In Boulder County, sales volume increased 11.9% on a year-over-year basis in September. The supply of available homes in Boulder County increased to 3.2 months.
 
salesvolumefrontrangeOCT2014The trend of increasing inventory is giving buyers a few more choices and just a bit more leverage to negotiate price this autumn. Many first-time buyers are seizing the opportunity and becoming homeowners. That said, an even greater number appear to be sitting on the sidelines, scared away by tales of not being able to secure a mortgage, or still jaded by the housing downturn and waiting for another price correction. And waiting could prove to be a mistake for the Millennials, the generation aged 18 to 33. Why a mistake? Because those who choose the path of homeownership are putting themselves on a fundamentally different trajectory in life than those who choose to remain renters.
 
A survey of Consumer Finances conducted by the Federal Reserve every three years was updated in September. Some of the findings revealed in the report:
 

  • The average homeowner has a net worth of $194,500
  • The average net worth of a renter is $5,400
  • A homeowner’s net worth is over 36 times greater than that of a renter
It’s important to note that the survey results include any drop in net worth due the housing correction of 2006. However, those who are skeptical might argue that the logic of this survey is somewhat circular, in that those who can afford to purchase a home are not surprisingly going to have a higher net worth. 
The counter to this argument is that the average American family, including both homeowners and renters, has a net worth of $81,200, and of that net worth, 61.4%, is in home equity. Conclusion: those who can scrape together a down payment (through savings, an assistance program, help from family, or all of the above) and make a purchase will start building their net worth, and those who remain renters will be shut out of that “61.4%” in upside potential.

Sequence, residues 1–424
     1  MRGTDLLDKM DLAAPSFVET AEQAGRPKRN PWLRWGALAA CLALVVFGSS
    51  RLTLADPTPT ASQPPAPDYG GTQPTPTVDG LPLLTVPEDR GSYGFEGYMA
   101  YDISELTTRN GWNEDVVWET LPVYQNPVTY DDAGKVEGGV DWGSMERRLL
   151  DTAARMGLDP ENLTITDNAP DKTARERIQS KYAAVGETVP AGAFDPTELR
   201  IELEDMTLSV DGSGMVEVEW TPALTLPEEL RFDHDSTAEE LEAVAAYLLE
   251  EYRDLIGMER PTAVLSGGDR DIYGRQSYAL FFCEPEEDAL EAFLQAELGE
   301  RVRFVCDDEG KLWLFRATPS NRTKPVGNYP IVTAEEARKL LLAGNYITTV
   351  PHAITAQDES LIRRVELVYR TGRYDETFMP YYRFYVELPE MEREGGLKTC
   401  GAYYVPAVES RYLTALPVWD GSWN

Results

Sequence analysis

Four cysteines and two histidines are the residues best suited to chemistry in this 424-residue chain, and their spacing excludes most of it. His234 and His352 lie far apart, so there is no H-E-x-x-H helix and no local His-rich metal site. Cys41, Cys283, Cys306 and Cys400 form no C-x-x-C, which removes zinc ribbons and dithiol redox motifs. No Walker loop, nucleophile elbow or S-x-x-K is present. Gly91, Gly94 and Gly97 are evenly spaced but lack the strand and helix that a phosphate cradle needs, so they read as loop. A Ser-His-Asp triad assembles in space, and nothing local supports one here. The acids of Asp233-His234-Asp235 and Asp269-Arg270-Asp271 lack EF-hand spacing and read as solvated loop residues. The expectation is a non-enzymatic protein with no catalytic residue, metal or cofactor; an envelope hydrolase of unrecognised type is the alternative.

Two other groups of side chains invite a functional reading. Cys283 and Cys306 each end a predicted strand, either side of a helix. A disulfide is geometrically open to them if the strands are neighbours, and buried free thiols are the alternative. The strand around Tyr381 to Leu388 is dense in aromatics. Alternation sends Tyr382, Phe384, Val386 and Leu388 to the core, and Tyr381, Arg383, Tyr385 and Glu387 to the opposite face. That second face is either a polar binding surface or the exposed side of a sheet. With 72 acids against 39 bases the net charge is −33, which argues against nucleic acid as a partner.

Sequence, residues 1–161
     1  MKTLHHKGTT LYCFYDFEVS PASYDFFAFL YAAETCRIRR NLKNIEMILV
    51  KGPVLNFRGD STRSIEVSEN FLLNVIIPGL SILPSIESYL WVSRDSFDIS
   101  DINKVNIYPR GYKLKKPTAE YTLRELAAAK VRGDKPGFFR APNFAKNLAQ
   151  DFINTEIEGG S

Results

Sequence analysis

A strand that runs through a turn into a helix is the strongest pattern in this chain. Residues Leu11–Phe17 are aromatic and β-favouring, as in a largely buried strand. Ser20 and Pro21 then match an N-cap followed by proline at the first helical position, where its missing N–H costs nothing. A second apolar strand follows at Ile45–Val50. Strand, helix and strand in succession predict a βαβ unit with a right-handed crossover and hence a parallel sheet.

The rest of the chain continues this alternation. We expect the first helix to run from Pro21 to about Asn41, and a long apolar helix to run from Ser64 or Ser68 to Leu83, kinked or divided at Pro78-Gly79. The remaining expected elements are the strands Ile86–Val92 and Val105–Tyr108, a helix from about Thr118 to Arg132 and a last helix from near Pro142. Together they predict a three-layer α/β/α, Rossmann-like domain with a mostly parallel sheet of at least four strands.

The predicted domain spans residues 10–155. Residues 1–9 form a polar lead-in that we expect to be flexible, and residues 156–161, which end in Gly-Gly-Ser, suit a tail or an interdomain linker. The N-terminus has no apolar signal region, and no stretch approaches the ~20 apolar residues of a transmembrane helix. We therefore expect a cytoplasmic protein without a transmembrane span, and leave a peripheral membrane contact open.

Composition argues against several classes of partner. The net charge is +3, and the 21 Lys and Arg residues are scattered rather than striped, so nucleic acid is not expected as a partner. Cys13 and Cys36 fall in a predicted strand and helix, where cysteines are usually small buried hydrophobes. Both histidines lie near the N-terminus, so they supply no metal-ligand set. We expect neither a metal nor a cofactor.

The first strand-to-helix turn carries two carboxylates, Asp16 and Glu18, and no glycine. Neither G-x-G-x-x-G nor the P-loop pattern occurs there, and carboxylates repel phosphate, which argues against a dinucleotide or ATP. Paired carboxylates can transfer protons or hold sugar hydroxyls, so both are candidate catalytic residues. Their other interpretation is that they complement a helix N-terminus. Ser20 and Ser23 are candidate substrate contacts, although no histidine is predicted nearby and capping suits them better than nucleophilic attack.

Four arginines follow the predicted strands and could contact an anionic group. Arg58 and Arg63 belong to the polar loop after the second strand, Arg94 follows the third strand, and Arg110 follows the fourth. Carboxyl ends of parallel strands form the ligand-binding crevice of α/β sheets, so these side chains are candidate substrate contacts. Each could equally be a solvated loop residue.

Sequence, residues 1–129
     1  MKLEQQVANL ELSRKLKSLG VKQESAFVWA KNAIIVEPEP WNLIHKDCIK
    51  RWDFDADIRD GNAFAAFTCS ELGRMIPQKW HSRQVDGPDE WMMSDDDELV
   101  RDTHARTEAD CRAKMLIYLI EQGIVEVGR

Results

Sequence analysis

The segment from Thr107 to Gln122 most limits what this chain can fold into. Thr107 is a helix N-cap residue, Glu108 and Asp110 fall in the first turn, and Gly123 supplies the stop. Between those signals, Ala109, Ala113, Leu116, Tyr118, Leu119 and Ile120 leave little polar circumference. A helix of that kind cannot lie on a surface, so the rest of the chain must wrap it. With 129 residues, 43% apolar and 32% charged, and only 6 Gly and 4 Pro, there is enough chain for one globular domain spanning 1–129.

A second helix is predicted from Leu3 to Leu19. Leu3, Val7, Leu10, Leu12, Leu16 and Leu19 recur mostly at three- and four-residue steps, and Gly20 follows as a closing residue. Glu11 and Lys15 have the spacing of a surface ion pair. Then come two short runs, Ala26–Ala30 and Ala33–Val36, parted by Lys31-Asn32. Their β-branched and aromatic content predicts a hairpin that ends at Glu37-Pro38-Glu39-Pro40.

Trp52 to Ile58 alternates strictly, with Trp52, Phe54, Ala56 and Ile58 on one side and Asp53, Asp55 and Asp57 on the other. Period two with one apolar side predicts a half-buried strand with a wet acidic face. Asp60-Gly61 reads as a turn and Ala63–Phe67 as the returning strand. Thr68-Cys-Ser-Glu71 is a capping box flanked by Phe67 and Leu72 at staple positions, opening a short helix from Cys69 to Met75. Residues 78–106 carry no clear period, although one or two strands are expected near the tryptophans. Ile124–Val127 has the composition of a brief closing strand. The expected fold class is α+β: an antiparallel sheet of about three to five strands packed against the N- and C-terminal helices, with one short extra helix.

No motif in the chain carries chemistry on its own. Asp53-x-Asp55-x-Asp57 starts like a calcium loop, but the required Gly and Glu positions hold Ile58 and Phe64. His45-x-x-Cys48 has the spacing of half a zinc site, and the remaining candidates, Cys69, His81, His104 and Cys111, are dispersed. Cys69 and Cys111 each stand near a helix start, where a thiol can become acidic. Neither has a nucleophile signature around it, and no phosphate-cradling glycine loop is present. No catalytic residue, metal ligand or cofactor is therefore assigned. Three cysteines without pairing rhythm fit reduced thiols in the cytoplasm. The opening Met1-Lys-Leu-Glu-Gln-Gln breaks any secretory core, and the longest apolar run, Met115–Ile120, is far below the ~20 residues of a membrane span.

This may not be the perfect time for Millennials, or anyone else for that matter, to buy, but it’s also clearly not a bad time to buy. Timing the market is difficult, if not impossible. The great news is that in real estate, markets move slow and as a result, you don’t need to have perfect timing. You just need to get in the game. When we look back a decade or two from now, we’ll probably find that the first-time buyers who got in the game during the housing recovery and low interest rates of this period set themselves up pretty well. The American dream of homeownership is alive and well, and still provides a path to prosperity.

Weekly Snapshot: Historic Boulder Oct. 16 – 22

BoulderSnapshot

 

Owning a home is one of the most important financial investments of your life. The more you know about how real estate works in Historic Boulder, the better off your investment will be.

 

We’re here to show you the latest changes in the neighborhood: new listings, solds and open houses. Join us each week for the scoop in Mapleton and Whittier!

 

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910 Portland Pl #25

$350,000 | 2 beds | 2 baths | 830 sq ft | Condo/Townhome in Mapleton

 

1850 Folsom St #203

$275,000 | 1 beds | 1 baths | 801 sq ft | Condo/Townhome in Whittier

 

1850 Folsom St #204

$224,900 | 1 beds | 1 baths | 801 sq ft | Condo/Townhome in Whittier